Note that home remedies are helpful in mitigating pain but do not address the root cause. A full chiropractic examination identifies the source of your pain, provides treatment to relieve the symptoms, and establishes a customized treatment plan to ensure you’ll keep the pain at bay, for good. Make an appointment online with us today.


This content isn’t meant to diagnose or treat your medical condition and is not a substitute for in-person medical advice.

Can Leg or Back Pain Actually Be Sciatica?

If you’ve been experiencing consistent leg or back pain (or perhaps you’d describe it as a burning or tingling sensation), sciatica might be the culprit.

Sciatica is a term that describes the symptoms of leg pain that starts in the lower back, moves through the buttocks and into the large sciatic nerve in the back of each leg.

Sciatica also often includes:

  • Consistent pain in one side of the buttock or leg that worsens when you sit down.
  • Weakness or numbness that makes it difficult to move your leg, foot, or toes.
  • Sharp pain that makes it difficult to walk or stand.
  • Pain that travels down just one leg and into the foot and toes.

Two very common types of pain that trace back to sciatica are piriformis syndrome and a herniated disc/bulging disc.

Piriformis Syndrome

The piriformis muscle connects the lower spine to the thigh and makes hip rotation possible. Piriformis syndrome develops when muscle spasms crop up in the piriformis muscle and compress the sciatic nerve that’s located underneath.

If you are experiencing pain in the hip, the center of the buttocks, or down the back of the leg, you may be suffering from piriformis syndrome.

A Herniated Disc/Bulging Disc

With a bulging disc, the gel-like center protrudes but stays within the outer wall of the disc. A herniated disc, on the other hand, occurs when the gel-like center breaks through the disc.

Whether a disc is bulging or herniating, disc material presses against a nearby nerve root, pushing down on nerve tissue and causing sciatica. In either case, nerve compression and irritation results in both inflammation and pain, causing numbness, tingling, and muscle weakness.

This pain can occur anywhere on the spine but usually affects the lower back.


Think you might have sciatica? Here’s what to do next.

Home Care Treatment

The hamstrings are a group of three muscles in the back of the thigh that help bend the knee and extend the hip; stretching your hamstrings may help ease your lower back pain. Unfortunately most of our daily activities don’t involve the hamstrings, so stretching exercises keeps them healthy.

Secrets behind powerful hamstring stretches:

  • When you can, warm up before stretching with a 10-minute walk will help get your blood pumping.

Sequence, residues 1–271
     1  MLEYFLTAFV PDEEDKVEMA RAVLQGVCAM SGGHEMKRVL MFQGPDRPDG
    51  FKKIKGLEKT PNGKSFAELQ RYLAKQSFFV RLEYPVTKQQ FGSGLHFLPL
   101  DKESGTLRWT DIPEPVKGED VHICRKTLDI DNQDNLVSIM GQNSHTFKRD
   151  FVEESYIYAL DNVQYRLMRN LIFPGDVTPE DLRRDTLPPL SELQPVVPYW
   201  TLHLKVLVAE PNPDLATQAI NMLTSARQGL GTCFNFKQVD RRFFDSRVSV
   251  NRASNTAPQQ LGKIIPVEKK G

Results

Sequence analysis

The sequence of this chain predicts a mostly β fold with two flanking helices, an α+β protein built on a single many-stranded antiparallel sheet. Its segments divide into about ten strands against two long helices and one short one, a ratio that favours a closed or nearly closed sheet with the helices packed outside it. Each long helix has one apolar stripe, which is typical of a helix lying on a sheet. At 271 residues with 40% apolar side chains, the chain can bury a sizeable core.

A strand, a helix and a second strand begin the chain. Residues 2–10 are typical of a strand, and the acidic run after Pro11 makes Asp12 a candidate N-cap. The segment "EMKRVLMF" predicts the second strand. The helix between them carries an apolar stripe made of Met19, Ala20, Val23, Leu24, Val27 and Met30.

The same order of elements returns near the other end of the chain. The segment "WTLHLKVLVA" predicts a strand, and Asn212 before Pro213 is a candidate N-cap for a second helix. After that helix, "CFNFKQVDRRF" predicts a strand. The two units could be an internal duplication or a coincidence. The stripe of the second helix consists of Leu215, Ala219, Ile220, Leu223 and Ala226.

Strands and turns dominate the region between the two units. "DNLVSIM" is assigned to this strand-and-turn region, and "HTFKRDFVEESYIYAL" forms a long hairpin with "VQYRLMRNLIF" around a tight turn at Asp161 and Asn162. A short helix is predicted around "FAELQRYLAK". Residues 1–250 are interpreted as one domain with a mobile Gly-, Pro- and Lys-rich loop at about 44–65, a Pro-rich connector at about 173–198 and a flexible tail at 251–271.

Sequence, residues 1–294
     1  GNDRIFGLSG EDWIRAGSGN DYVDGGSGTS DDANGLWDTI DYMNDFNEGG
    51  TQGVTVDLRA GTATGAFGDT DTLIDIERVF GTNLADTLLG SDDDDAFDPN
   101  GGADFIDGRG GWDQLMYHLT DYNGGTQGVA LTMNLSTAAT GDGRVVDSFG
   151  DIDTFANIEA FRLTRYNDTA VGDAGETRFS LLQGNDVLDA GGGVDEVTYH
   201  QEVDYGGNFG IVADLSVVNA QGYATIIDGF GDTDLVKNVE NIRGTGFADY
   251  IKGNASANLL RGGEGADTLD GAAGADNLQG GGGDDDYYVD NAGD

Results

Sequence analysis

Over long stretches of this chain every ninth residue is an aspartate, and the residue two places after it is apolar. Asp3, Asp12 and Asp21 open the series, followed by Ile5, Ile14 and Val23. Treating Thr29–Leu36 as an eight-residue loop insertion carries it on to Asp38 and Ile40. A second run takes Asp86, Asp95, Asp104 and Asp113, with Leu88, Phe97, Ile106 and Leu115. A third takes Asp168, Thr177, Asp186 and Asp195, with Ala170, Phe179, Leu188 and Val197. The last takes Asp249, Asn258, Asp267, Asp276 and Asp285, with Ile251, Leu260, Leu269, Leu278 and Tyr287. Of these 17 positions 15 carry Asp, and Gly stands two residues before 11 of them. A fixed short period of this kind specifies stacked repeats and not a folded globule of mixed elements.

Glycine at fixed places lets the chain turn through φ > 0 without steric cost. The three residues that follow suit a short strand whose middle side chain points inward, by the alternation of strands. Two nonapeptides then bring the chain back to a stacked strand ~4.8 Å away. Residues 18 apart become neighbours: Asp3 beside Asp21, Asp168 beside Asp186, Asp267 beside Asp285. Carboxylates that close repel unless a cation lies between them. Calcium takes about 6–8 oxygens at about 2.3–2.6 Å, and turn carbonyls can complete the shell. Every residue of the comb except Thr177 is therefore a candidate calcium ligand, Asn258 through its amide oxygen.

• Ease into the stretch gently and hold it for about 10 seconds, twice per day. Over time, you can increase to 30 seconds or more each time.
  • Remember to breathe!


Hamstring Stretches While Lying on Your Back

If you’re experiencing low back pain or leg pain, you might benefit from hamstring stretching exercises done while lying on the back, which is least stressful on the rest of your body.

Use A Towel:

  • Lie on your back, supporting your thigh with your hand or with a towel wrapped around it.
  • Slowly straighten your knee until a stretch is felt in the back of the thigh. The ultimate goal is for the bottom of your foot to face the ceiling.
  • Hold the position initially for 10 seconds, and gradually work up to 20 to 30 seconds, stretching one leg at a time.

Use A Wall:

  • Lie back on the floor with your buttocks against a wall at a corner or by a door jamb.
  • Keeping one leg on the floor, place your foot off your alternate leg against the wall and try to gently push your knee straight so the raised leg and the leg on the floor make a 90-degree angle.
  • Hold the position for 10 to 20 seconds.


Hamstring Stretches While Sitting

Hamstring stretches from a seated position can be varied based on the placement of your leg.

Seated Hamstring Stretch

  • Sitting at the edge of a chair, straighten one leg in front of you, with your heel on the floor.
  • Sit up straight and push your navel towards your thigh, but don’t lean the rest of your body forward.
  • Hold this stretch for 30 seconds, repeat 3 times for each leg.

Give each exercise a try and decide which one feels best for you.


Chiropractic Treatment

If you’re not experiencing pain relief from the home care exercises, or if your symptoms are prolonged or recurring, it may be time to schedule a full chiropractic exam. A chiropractor will identify the cause of your pain, provide immediate relief, and develop a treatment plan that fits your specific needs.

Treatment for pain relief often includes a chiropractic adjustment, applying gentle pressure on the painful areas to help reduce nerve irritability and restore your range of motion. Mobilization techniques may also be used, which stretch your sore muscles and joints so they’ll feel better right away.

Beyond immediate relief, a key component of any successful treatment plan involves getting to know the patient and set goals for the future. A holistic treatment plan that includes therapeutic treatment, maintenance care, exercise, and activity modification can help get rid of your pain for good.

This article isn’t intended to provide diagnosis or treatment – there’s no substitute for professional consultation about your specific symptoms. You shouldn’t have to endure leg or back pain –  contact us to schedule an appointment online.